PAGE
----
domingo, 19 de agosto de 2012

Modernity by Nichloas Mirzoeff

There was no single experience that could be called the modernity of visual culture. Rather it was an interface of lived experience, the expansion of capital and its tendency to become an image under conditions of intense accumulation, and the resulting mass circulation of images. All these modes of modernity were experienced in different forms depending on historical and cultural circumstances. In a sense, the very all-embracing sense claimed by the idea of modernity expresses what it wanted to be: a way of describing and understanding the modern world. That world was inherently confusing, as Marx and Engels famously described it in The Communist Manifesto ([18481 1948): "All that is solid melts into air, all that is holy is profaned." The force behind this transformation was the world-shattering growth of capital. Modernity is the experience of constant transformation, of things not staying the same, of endless invocations of the new and the different, all in the service of renewing capital. In Marx's classic analysis, capital is the abstracted form of the value people find inherent in objects. This value can be expressed in two ways: as a use-value, meaning the value that a coat has when I wear it in cold weather; or as exchange value, meaning the value that the coat has when I sell it or swap it for something else. The exchange is based on the amount of human labor it took to create the object. As that can be hard to measure, value has taken an abstract form that we call money.

Marx understood modernity to be formed when people no longer exchanged things directly according to need but in search of more money. An invested sum of money could be used to make coats that, when sold, return a higher quantity of money than the original investment. This "magical" difference comes from the difference in the amount paid to those who work producing the coats and what the employer can sell them for and it is therefore known as surplus value. If money continued to circulate in this fashion, growing in quantity by means of extracting surplus value, it became capital. Whereas an individual may only buy and sell according to need, "the circulation of money as capital is an end in itself, for the valorization of value takes place only within this constantly renewed movement. The movement of capital is therefore limitless" (Marx, [1867] 1977: 253). The next characteristic of modernity, then, is circulation: the endless circulation of goods, money, ideas and to a greater or lesser extent, people. This change was so clear to Marx because it was far from new: "World trade and the world market date from the sixteenth century, and from then on the modern history of capital starts to unfold" ([1867] 1977: 247). That is to say, while there was certainly capital before the sixteenth century, with the expansion of Europe and the beginnings of colonialism and the slave trade, the modern history of capital took a decisive turn at that time.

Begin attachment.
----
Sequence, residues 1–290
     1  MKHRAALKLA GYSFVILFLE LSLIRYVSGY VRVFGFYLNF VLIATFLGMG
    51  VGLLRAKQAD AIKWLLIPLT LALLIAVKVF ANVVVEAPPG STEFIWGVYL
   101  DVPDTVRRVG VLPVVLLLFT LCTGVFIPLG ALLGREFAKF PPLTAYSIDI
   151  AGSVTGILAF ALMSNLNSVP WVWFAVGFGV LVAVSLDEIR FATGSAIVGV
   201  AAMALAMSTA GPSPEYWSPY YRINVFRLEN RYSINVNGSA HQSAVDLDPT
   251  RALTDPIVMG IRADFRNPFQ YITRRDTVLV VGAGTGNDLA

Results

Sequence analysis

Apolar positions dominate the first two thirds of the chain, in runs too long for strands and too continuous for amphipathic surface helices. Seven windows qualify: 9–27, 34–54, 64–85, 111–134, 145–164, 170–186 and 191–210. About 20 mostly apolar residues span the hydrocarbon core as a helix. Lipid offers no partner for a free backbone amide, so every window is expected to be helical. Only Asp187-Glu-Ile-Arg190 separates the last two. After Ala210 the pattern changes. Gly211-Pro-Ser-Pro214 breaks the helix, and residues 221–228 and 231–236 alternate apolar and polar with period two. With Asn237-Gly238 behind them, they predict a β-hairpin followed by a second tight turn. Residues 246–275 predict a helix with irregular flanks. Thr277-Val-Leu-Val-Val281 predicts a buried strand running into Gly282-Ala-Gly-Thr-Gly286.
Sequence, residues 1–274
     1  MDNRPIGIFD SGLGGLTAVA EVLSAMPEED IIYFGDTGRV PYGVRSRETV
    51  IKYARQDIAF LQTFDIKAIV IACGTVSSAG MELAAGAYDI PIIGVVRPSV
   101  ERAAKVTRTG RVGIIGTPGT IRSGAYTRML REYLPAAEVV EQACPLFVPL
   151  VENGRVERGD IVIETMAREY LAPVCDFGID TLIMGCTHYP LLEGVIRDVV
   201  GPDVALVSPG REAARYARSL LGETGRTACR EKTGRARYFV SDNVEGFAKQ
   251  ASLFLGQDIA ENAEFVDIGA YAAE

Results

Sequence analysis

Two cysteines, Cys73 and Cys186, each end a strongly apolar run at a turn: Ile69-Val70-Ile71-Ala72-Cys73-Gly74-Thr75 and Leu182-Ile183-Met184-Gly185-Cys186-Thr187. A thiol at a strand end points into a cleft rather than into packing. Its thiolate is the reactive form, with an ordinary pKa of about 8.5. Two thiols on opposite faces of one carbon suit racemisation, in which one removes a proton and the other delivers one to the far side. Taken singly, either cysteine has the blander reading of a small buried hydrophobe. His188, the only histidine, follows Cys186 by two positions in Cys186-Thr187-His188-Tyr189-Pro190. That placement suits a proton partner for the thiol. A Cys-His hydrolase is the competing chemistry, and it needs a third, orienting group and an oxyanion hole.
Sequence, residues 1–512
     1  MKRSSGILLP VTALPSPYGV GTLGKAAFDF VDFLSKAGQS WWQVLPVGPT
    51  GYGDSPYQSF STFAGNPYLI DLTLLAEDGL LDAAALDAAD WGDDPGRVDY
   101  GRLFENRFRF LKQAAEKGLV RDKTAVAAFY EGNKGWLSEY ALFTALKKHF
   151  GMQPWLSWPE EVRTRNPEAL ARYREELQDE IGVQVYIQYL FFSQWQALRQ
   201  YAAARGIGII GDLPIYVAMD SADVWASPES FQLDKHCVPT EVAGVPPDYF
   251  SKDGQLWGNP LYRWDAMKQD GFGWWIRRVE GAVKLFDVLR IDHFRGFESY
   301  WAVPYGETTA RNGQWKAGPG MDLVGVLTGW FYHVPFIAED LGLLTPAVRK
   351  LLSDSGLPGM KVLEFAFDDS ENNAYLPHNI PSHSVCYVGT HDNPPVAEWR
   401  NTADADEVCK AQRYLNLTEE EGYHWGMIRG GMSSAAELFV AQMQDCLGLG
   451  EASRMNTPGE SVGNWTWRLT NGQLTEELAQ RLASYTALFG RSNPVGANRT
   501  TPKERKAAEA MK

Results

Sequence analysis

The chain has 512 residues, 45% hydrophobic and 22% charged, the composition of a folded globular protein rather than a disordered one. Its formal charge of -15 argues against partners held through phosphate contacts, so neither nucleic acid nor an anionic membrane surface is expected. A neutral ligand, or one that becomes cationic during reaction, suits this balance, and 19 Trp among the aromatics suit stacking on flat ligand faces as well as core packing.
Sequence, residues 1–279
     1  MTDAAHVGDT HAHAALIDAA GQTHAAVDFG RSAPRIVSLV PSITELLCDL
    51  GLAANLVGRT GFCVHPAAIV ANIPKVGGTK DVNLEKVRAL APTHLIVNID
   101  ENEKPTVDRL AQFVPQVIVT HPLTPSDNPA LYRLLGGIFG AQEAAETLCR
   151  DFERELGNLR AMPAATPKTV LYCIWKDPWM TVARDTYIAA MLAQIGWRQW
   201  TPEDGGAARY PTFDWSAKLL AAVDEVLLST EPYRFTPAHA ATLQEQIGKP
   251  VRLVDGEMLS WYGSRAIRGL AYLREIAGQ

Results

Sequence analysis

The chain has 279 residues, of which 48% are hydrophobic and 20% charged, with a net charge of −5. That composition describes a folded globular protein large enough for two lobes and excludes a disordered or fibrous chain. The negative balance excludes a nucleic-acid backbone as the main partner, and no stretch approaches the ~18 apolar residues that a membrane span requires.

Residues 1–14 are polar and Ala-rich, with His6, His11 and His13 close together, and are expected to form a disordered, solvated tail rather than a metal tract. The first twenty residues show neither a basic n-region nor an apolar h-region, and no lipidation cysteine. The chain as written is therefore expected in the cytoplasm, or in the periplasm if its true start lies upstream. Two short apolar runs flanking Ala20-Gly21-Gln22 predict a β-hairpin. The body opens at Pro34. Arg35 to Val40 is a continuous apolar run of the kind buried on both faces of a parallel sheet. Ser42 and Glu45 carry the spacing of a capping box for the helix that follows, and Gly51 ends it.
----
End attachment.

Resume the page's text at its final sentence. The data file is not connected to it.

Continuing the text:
As capital came to shape the world in its own image, people experienced the world very differently. Marx describes how commodities - those things that are bought and sold - claim the human labor that has formed them as their own inherent characteristics. In trying to explain how it is that manufactured "sensuous things" become "social," or beyond the sensible, Marx drew a parallel with eyesight. He recalls that what we experience as "the objective form of a thing outside the eye" is really no more than the stimulus of the optic nerve. Although light does enter the eye in a material form, the value of the commodity has no connection to its physical properties or the labor that went into making it. For those beyond subsistence level, commodities are desired for often irrational reasons-think of the last pair of shoes you bought: did you actually need footwear or did you want those shoes? Objects come to express our desires, our personality, our sexuality, our religion and so on. As Marx put it, "the definite social relation between men themselves . . . assumes here, for them, the fantastic form of a relation between things" ([1867] 1977: 165). Rather than people relating directly to each other, relations are mediated by commodities, not just relations with others but even the understanding of the self. This "commodity fetishism," as Marx famously called it, attributes life to things, even though we know they do not have it. So when a middle-aged man like myself purchases a sports-car, almost everyone can make the analysis "mid-life crisis" without difficulty. But that does not stop people from buying or wanting the cars. In short, commodity culture decenters people from their own experience and makes them mediate it through objects.